If you're an IT pro looking for a new job, chances are pretty good these days that your prospective employer will conduct--or have a third party carry out--a background check on you. That screening will likely include not only confirming your education and prior work experience but also verifying your identity, checking for a criminal record in the United States and internationally, and, possibly, a credit-history check.
It doesn't matter whether IT job candidates will be hired as internal staff or as contract workers from a third party, credit checks are becoming increasingly important, says David Nachman, VP of business development at HireRight, a vendor of background screening services and technology tools to employers.
"By looking at credit history, companies can see if a person may have a motive to steal," including data or identity information that could be sold or used illegally, Nachman says.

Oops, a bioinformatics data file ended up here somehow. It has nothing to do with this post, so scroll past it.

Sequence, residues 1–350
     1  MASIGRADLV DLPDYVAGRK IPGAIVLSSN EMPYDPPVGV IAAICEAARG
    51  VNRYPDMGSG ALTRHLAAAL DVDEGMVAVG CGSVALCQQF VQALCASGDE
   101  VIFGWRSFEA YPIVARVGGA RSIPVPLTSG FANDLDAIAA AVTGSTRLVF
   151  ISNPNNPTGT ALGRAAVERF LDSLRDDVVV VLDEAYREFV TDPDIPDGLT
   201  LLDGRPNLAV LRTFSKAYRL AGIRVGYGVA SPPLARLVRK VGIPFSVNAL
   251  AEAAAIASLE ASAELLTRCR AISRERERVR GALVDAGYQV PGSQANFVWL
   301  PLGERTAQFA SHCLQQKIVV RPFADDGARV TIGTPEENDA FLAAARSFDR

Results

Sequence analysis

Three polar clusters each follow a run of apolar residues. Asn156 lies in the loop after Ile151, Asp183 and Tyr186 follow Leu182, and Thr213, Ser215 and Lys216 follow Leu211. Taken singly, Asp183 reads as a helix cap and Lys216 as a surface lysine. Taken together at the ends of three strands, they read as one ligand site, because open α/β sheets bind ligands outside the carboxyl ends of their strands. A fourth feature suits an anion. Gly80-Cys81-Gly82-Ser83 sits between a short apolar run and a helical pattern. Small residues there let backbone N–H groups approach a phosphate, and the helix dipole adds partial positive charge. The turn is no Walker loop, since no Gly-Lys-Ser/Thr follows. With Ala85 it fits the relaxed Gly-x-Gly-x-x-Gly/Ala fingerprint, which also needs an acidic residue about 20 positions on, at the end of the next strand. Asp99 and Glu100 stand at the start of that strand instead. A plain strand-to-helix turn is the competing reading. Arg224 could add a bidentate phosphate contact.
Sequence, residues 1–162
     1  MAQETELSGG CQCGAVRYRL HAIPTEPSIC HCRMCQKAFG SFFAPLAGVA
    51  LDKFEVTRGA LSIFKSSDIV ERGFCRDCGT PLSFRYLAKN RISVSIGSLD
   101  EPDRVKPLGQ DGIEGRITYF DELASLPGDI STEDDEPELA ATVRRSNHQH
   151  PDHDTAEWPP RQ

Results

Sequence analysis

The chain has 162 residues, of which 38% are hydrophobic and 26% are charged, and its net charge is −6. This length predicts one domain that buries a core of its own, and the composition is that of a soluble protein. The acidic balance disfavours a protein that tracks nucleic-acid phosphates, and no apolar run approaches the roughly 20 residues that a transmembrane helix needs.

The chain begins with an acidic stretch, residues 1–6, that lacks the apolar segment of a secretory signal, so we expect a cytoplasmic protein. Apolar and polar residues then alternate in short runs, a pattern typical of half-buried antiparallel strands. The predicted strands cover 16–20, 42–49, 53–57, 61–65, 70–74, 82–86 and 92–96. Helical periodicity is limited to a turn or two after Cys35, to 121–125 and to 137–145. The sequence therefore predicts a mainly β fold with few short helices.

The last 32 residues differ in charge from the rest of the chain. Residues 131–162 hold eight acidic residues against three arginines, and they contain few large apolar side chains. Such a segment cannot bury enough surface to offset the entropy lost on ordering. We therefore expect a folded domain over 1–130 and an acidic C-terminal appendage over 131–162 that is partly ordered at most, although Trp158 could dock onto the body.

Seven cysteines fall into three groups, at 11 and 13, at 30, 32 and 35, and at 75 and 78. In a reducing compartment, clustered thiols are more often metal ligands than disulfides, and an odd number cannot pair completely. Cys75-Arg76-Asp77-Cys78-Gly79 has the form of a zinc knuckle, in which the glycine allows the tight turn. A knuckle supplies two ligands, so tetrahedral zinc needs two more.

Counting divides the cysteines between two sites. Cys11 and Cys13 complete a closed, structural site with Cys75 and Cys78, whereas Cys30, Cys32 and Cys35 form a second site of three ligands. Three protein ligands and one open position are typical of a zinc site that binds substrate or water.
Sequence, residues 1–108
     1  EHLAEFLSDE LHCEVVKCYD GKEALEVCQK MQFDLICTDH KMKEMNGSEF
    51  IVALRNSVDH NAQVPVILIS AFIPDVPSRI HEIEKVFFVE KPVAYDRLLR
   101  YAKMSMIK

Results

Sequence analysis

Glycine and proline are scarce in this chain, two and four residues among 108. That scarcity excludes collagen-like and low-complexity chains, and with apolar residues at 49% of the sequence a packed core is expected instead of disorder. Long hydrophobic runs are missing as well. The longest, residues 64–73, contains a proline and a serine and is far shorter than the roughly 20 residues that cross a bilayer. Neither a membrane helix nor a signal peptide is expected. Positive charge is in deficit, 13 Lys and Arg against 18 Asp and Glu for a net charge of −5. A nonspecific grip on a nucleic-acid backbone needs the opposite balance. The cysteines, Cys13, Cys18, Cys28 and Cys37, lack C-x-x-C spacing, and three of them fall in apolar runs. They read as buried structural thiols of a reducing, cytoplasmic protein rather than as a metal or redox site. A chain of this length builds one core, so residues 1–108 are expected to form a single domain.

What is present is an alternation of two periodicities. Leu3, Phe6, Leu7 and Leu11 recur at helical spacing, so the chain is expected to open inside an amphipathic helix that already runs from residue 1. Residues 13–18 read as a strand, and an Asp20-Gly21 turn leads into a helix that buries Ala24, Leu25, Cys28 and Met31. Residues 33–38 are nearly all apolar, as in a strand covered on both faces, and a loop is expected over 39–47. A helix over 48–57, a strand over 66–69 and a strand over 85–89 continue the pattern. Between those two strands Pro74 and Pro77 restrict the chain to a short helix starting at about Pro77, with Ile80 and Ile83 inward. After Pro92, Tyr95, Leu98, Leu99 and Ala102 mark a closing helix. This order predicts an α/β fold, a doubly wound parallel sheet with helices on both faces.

Many companies that conduct background checks on IT pros also tend to screen other employees as well, although the extent of the screenings often depends on the job or role the worker will have, as well as the ability to access sensitive company data, he says.
"It's important to screen all employees," says Denise Smith, an HR business systems analyst for Nvidia, a maker of programmable graphic processors, which uses HireRight's online employment application and background-check services.
"IT workers potentially have access to highly confidential company and/or employee data," she said in an E-mail interview. "These employees should have the highest level of ethics and integrity."
For all its new employees, Nvidia checks education, identity, and 7-year criminal history. And for all high-level management employees and all finance-related positions, the company also checks credit history, she says.
Screening isn't just for newbies. Increasing numbers of employers are starting to do periodic checks on their existing workforce, particularly if an individual has an internal job change or promotion that gives that person access to expanded or confidential company information. In some cases, he says, that screening is aimed at safeguarding the company from risks such as potential allegations of negligence.